Now, some of you may be joining this tale of misery and woe I weave a bit late, so let me give you a quick summation...I am and have always been of a very hot nature (thanks genetically to my also hot Papa--Je t'aime Papasan!). When others wore sweaters with their jeans, L was still romping about in a t-shirt and jeans, sometimes even shorts to her mother's chagrin. The nine years we spent in Paris only saw my wool sweaters come out once or twice, and my poor long, black, wool winter coat only saw freedom when I was working/traveling to Stockholm/Oslo monthly through a winter, and then only when I went in and out of buildings. From Spring until Fall I had a fan in the bathroom to keep me cool as I got ready and the fridge always had an unopened can of some nasty beverage (keeps anyone from drinking it!) that I used to cool my pulse points. My bedroom window stayed open year round and T thanked the feather Norwegian comforter gods that I was raised to have that on my bed even if I didn't always need it. In fact, T's favourite season for our relationship was winter because it was the only time I could cuddle up 24/7 without breaking a sweat!! I think you get the picture, but it's important to understand from whence the surprise suffering comes. our first Fall fell into winter here at the house and the temperatures began to drop, I wasn't the least bit worried. However, they just kept dropping and dropping and eventually the uninsulated state of this stone-walled house, with her beautiful thick walls and cozy demeanor, became but a shell of a shelter for this warm-hearted family. T was traveling M-F every week and I was shivering and layering, shivering and layering...digging into my piles of sweaters until I found with relief the long forgotten, thick, wool ones that some nights never came off! I began, what was to be a long, intimate relationship with...our hot water bottle! Not one night, or evening wasn't spent in it's warm embrace! Now, I know there are doubters out there thinking 'really, how cold could it have been in the house?'...well, with an antiquated oil fuel heating system (the beast) that only heated the ceiling in the kitchen, the downstairs WC, and consequently the upstairs floor...some portable radiator heaters that you could sit directly in front of....a ginormous fireplace that took a lot of work to keep going and only heated you if you were practically straddling the flames...and some cheap wall heaters that heated, well, was pretty damn cold!! When the outside temperatures fell into the negatives, the inside temperatures weren't too horribly far behind--seriously, I kid you not!! I can confirm it is actually possible to see your breath in bed :p And the sole, true moments I was warm were either in the scalding, hot shower (which previously in life I had never experienced)-or that moment just after you wake up before the seal has been broken between you and the duvet...and you will never, ever, ever find me camping outside of the summer months again!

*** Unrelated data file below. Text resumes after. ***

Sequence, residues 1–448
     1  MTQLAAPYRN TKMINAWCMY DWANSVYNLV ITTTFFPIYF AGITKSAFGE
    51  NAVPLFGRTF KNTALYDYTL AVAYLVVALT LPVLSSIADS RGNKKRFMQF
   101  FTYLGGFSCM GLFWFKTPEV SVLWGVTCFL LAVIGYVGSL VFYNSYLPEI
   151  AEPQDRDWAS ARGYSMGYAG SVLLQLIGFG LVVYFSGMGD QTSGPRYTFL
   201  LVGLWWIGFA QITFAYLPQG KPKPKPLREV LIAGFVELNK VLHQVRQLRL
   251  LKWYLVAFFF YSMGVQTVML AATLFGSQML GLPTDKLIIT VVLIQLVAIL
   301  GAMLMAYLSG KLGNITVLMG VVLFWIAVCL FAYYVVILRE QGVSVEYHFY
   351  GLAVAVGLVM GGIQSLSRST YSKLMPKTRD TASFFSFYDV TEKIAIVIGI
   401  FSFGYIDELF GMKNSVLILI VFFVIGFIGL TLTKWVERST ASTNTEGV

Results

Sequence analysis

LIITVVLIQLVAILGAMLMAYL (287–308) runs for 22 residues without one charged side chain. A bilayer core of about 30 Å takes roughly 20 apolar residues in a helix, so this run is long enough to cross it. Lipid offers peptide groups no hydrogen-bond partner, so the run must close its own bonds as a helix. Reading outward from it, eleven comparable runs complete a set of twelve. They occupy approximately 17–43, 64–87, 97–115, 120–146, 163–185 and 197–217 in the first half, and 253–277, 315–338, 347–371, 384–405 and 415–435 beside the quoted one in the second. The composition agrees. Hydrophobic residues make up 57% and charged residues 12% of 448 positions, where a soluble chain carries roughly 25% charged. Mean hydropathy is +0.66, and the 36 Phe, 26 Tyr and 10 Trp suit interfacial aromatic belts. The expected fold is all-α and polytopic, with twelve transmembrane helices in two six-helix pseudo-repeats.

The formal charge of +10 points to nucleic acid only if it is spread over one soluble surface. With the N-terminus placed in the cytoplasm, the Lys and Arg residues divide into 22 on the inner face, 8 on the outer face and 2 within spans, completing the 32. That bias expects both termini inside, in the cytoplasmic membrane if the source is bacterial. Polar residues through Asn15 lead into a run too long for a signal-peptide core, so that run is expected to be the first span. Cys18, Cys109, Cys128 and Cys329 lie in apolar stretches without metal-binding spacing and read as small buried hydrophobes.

Now that I've caught you up a wee bit on the state of affairs at Winter Hell à la Maison M-J, let me divert from this quagmire to share some of the good we tried to find in our new standings.

(That's Freya's namesake-I spelled it differently after a majority vote-but it's the best chocolate in the world & coincidentally my favourite ;) )

I decided that if I was going to be cold, I might as well be cold in the right place, Norway. There, I am warmed to the depths of my spirit by the love of my family and the precious time I get to spend with them all when I visit, not to mention the delicious treats they spoil me with ;) Warm, fresh waffles...sigh...there are just no words! I also delivered, and picked up Christmas presents, and made the all important shopping list....puhshaw...list? ha! I had three things that I was not getting back on the plane without--my own Norwegian blanket (this is a special, boiled wool, super thick, accessory to every household that usually lasts a lifetime--and something I made fun of my own mother for having early in my unknowing youth), a pair of properly lined, appropriately sturdy rubber boots (which one wears at all times when exiting the house between November and April), a wool hat/mitten combo to wear in the house--yes, you read that correctly, in the house!! This outdoor tomboy hasn't forgotten all the rules of survival-always keep your head covered, it's the first place heat escapes your body.